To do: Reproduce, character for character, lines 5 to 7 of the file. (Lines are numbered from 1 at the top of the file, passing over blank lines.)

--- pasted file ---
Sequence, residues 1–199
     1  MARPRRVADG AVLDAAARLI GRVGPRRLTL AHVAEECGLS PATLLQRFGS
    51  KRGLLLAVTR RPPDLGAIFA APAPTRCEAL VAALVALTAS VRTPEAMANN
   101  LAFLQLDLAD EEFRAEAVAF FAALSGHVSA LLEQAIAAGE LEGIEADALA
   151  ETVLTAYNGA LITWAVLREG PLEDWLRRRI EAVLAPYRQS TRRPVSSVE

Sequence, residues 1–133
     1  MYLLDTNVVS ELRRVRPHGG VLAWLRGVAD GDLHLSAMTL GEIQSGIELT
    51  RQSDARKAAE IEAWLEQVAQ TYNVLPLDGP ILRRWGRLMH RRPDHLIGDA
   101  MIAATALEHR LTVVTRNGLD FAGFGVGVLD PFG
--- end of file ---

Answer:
   151  ETVLTAYNGA LITWAVLREG PLEDWLRRRI EAVLAPYRQS TRRPVSSVE

Sequence, residues 1–133
     1  MYLLDTNVVS ELRRVRPHGG VLAWLRGVAD GDLHLSAMTL GEIQSGIELT